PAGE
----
How to improve realtime performance

First of all, see TroubleShooting.

 while true ; do echo "nothing" > /dev/null ; done 

I saw some other cache related behavior a long time ago when doing some latency testing. The latency results improved noticeably when I lowered the thread period below some threshold. (I don't remember the threshold period, it was at least a year ago.)

I eventually realized that when I was running the thread very frequently, the RT code never got pushed out of cache. When I increased the period, other processes had enough time to replace the RT code in cache between invocations of the thread.

(*) "cpu hog": a computer program that eats unneeded processor speed on your computer to appear that it is doing more than it actually is, or it's just coded really badly

(hase) I disagree with the assesment: the CPU hog does improve latency, but it has nothing to do with the cache. This is actually a power saving feature in the CPU: when idle, the CPU is put into a power-saving state and it takes some time to wake up from that - hence the latency in reacting to the timer interrupt. The CPU hog running makes sure the CPU is never idle->never sleeps->never requires long wakeup time.

The Intel Core2Duo benefits greatly from the idle=poll parameter to the kernel, which disables the deep-sleep C-State of the CPU. The effect is equal to that of hogging one CPU core.

Some extra info:

If you have a CPU that is C-state capable, add the following line to the GRUB_CMDLINE_LINUX_DEFAULT in /etc/default/grub: "idle=poll" and run update-grub. The "idle=poll" keeps the CPU in a loop checking to see if it is needed rather then it entering C1 waiting for a wakeup call. I've seen latencies go from 30-50us to around 4us (1-2us even) on 6 different systems.

If you have an Intel CPU, you might also want to check the output of the following command:

cat /sys/devices/system/cpu/cpuidle/current_driver

If it says: intel_idle, you have to ALSO add the following line to the GRUB file: "intel_idle.max_cstate=0 processor.max_cstate=0"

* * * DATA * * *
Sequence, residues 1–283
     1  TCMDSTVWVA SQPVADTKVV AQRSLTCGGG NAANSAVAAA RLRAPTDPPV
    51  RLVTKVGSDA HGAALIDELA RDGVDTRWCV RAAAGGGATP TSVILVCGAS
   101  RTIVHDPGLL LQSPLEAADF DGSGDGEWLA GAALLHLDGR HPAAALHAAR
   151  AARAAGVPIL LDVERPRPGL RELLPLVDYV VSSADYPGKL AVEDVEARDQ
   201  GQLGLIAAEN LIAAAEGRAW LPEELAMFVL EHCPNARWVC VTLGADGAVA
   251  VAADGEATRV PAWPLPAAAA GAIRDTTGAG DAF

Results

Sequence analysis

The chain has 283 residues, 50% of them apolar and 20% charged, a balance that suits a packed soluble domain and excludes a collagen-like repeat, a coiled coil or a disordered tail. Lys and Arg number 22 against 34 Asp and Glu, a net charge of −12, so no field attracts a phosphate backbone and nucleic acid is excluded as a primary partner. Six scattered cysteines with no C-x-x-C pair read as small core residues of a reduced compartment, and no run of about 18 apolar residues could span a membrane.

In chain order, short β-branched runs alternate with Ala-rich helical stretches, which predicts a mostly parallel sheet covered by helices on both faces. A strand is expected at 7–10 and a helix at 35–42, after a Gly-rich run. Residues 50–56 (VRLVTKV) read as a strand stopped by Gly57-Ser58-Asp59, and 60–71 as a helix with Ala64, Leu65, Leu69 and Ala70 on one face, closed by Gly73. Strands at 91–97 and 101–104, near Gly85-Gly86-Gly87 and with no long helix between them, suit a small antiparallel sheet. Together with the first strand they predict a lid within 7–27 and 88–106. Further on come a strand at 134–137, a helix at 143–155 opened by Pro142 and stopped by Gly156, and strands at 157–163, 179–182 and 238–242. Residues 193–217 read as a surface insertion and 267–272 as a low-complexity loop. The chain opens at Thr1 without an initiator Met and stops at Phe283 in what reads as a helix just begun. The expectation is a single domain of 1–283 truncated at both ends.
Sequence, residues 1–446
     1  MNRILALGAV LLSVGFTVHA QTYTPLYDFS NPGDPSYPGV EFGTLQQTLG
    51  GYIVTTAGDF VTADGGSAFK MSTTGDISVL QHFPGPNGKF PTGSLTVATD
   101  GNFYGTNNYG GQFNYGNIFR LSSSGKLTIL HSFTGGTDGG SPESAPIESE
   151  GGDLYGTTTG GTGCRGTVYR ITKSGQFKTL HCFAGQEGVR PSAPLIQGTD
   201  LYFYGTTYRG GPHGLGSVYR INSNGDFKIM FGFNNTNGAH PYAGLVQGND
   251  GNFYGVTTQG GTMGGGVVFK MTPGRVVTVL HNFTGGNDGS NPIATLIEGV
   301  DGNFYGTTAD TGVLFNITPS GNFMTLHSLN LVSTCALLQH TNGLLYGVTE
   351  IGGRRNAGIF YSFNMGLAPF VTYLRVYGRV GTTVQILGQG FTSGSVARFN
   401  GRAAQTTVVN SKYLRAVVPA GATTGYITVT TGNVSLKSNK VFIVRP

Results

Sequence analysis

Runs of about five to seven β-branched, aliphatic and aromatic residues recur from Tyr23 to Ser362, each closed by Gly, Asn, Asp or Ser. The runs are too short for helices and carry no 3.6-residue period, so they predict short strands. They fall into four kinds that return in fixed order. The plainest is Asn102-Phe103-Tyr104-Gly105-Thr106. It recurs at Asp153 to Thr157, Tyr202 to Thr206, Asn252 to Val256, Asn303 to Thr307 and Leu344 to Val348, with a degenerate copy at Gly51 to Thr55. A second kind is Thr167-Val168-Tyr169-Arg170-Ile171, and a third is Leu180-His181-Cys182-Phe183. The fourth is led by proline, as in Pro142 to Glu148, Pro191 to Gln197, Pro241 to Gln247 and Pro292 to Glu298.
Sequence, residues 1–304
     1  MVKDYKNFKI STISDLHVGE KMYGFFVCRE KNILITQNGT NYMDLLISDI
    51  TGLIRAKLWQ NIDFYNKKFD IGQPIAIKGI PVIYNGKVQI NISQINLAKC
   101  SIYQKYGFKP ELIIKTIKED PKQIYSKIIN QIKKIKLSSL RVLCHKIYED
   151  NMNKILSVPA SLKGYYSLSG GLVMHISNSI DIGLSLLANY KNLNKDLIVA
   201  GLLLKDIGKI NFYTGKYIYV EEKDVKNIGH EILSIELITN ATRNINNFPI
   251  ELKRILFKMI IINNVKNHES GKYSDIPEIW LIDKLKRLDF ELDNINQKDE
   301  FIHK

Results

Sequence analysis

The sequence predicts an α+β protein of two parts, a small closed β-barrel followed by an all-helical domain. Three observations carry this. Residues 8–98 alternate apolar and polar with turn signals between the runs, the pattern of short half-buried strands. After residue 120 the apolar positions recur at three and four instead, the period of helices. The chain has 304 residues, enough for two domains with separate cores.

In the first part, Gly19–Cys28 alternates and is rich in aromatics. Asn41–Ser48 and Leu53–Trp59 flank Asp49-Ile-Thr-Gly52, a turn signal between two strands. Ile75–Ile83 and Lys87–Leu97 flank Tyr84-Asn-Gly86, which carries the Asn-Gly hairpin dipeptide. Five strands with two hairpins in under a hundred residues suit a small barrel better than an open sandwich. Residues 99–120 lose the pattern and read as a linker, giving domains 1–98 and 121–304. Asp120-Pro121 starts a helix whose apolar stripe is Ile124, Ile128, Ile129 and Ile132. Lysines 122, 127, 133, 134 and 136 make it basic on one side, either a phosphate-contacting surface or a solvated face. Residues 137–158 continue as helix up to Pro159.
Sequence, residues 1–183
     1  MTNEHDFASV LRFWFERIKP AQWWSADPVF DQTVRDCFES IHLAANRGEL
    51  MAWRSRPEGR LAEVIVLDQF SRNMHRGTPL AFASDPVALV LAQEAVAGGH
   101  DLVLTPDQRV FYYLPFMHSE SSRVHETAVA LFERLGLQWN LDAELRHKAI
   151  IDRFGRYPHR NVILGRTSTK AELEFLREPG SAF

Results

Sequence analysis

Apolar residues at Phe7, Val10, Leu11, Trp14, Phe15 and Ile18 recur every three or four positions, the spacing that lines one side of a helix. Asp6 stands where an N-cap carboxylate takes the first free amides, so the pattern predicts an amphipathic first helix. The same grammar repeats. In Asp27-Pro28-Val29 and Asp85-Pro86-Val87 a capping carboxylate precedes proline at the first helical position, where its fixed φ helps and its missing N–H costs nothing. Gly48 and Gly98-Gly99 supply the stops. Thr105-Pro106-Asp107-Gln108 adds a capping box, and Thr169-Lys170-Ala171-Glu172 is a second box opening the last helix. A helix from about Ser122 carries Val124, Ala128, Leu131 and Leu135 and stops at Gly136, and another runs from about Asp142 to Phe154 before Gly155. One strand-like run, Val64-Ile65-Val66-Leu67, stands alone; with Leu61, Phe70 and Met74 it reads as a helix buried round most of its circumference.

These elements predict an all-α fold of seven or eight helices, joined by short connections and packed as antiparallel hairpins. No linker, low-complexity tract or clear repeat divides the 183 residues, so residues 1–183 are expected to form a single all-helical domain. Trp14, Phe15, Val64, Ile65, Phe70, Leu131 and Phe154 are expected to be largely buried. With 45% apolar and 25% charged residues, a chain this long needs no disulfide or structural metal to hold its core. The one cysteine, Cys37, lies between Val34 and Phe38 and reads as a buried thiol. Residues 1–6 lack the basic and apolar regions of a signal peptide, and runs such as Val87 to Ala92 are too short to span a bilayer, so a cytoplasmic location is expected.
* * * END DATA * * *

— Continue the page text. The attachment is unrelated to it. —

The reason for this is that Linux now uses the intel_idle (replaces acpi_idle) driver to control the c-states, this driver ignores BIOS setting regarding C-states. The above line will disable C-states other than C1,

I have not performed any tests on AMD based systems, but I think the "idle=poll" should also work on those.

Example: You have a Core2Duo E6550
Open a terminal window, and execute the following commands:
sudo -i
cat /sys/devices/system/cpu/cpuidle/current_driver
output: intel_idle
nano /etc/default/grub
edit the line GRUB_CMDLINE_LINUX_DEFAULT="-original parameters-" to GRUB_CMDLINE_LINUX_DEFAULT="-original paramters- intel_idle.max_cstate=0 processor.max_cstate=0 idle=poll"
Save and exit

Afterwards check you latency to see if it has made a difference, do not run the "cpu hog". If it did not, I advise you to revert to your old settings because running the system this way will cause the cpu to run hotter and use more energy.

Below is a screenshot showing a latency plot on a quadcore machine running with boot option "isolcpus=1,2,3" but without "idle=poll" or "nohlt". The servo thread latency varies wildly up to tens of microseconds up to around t=60s. At that point I ran the "cpu hog" as described above (while true ; do echo "nothing" > /dev/null ; done) and this caused the latency to settle down. A later reboot with the "idle=poll" option added also seems to solve the problem, thereafter running the cpu hog does not have any noticeable further effect. This information could help diagnose identify when the "idle=poll" option could help. (The same machine showed no noticeable improvement with "nohlt".)